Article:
Threats to the United States from across the world are more frequent and persistent, from nation-state actors to terrorists to rogue players. As a result, the National Geospatial-Intelligence Agency, a combat support agency that provides key imagery, intelligence and geospatial information to the Defense Department and to the intelligence community, has had to change some aspects of its tradecraft, says Susan Kalweit, director of analysis at the agency known as the NGA.
Commercial satellite companies are giving rise to a new space revolution, launching hundreds of small satellites into orbit to do what the U.S. military cannot or at least will not do: photograph practically every inch of the Earth every day. The result is an explosion of geo-enabled unclassified information that has turned the imagery-based discipline of geointelligence on its head.
This change could even produce a new breed of intelligence analyst that exploits imagery and geospatial data from the unprecedented fount of unclassified information.
The National Geospatial-Intelligence Agency (NGA) now delivers unclassified geospatial intelligence (GEOINT) to verified government users via an application for tablets and mobile devices. Tearline, available though the Apple App Store and Google Play, is open to the intelligence community, U.S. Defense Department, allies, and academic and private sector partners sponsored into the system.
NGA’s GEOINT Pathfinder project developed the app. The shell is delivered from the app stores, but from that point, users need credentials to access secure servers.
While operating at sea, even the most technologically advanced U.S. Navy vessels sometimes fail to deliver on-demand geospatial intelligence services that anyone with a smartphone on land readily can access. To help bridge intelligence gaps, the National Geospatial-Intelligence Agency has teamed with the service to augment geospatial capabilities at sea.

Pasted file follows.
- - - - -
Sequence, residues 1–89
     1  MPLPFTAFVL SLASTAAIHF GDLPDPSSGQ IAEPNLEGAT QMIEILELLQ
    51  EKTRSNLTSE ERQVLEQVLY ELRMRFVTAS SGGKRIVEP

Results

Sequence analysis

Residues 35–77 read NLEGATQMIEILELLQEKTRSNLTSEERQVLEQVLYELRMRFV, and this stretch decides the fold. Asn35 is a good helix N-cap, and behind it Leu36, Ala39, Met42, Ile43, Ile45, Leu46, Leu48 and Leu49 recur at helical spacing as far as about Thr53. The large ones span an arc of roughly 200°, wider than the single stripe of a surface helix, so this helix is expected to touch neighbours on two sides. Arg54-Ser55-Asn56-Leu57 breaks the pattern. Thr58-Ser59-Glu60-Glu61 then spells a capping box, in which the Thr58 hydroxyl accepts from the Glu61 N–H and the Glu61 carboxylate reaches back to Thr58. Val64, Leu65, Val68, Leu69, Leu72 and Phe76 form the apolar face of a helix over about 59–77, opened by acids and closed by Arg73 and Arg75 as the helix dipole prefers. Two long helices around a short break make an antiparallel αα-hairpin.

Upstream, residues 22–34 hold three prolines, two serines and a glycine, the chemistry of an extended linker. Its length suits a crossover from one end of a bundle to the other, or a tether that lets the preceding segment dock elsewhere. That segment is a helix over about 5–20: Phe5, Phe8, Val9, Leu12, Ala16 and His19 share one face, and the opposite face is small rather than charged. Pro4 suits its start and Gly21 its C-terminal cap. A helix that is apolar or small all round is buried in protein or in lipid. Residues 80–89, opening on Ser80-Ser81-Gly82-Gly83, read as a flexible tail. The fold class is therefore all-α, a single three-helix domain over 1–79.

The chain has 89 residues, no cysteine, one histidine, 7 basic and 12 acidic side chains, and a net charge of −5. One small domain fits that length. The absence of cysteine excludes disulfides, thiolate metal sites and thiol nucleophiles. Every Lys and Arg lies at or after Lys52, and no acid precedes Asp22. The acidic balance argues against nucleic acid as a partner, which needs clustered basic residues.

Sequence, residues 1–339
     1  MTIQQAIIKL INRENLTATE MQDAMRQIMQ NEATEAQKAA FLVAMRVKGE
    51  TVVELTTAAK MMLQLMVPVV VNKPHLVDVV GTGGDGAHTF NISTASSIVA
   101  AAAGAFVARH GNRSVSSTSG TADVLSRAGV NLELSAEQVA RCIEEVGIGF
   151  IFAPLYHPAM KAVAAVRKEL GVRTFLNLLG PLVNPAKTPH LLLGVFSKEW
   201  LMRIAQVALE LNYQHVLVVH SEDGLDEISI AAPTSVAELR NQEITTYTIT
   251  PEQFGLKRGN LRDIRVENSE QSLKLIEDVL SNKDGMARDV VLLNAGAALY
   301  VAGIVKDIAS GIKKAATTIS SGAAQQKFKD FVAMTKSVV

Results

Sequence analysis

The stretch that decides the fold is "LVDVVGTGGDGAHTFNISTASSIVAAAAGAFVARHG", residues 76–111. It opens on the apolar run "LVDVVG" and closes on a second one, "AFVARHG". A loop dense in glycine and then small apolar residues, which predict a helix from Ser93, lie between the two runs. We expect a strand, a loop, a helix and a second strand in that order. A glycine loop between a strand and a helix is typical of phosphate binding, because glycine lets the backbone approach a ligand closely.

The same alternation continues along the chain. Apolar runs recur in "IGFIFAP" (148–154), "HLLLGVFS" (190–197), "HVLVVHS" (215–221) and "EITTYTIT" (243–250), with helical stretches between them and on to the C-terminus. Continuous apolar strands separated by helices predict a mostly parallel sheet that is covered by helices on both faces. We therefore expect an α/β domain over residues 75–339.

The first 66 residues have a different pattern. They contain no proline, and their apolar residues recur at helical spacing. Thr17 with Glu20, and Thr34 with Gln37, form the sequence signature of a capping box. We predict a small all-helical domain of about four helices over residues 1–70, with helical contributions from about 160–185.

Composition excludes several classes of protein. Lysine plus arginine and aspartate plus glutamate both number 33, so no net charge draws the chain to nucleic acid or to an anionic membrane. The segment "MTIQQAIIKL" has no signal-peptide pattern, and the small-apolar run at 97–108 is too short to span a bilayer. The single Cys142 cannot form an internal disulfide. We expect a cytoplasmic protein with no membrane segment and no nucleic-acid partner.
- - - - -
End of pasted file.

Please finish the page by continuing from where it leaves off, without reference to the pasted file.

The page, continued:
Keeping the Navy from drifting into a sea of woes is not helped by the continuing fiscal constraints that hamper Defense Department modernization, even as the economy rebounds from a defeating recession.
Commercial data and tools are defining the future of geospatial intelligence for the agency tasked with providing it across a growing community. From new private-sector satellites to unclassified information extracted from open sources and social media, the ways of collecting, processing and disseminating geospatial intelligence are changing.
The Defense Department’s much-anticipated capability solution to access classified voice and email up to the secret level from mobile devices finally migrated from the pilot stage and now is operational within the department and several federal agencies, says Kimberly Rice, program manger for the Defense Information Systems Agency’s (DISA's) Mobility Program Management Office.
Geospatial intelligence is moving into the fourth dimension as temporal factors weigh heavily in future capabilities. The agency tasked with generating geospatial intelligence will be relying significantly on new commercial satellites that will increase the richness of the intelligence it provides its customers.
This development cannot come at a more opportune moment. Geospatial intelligence increasingly is being called on to support nontraditional missions in new and unusual areas of focus. Even its traditional support of conventional geopolitical and military activities is being extended to include new adversaries in new hot spots around the globe.
The leaders of the U.S. intelligence community stated that the Snowden and Manning revelations of U.S. intelligence collection activities have done serious harm to U.S. national security in several ways. Three agency directors and one acting director stated that the ability to view the threat picture has been hamstrung as it is changing to an increasing degree.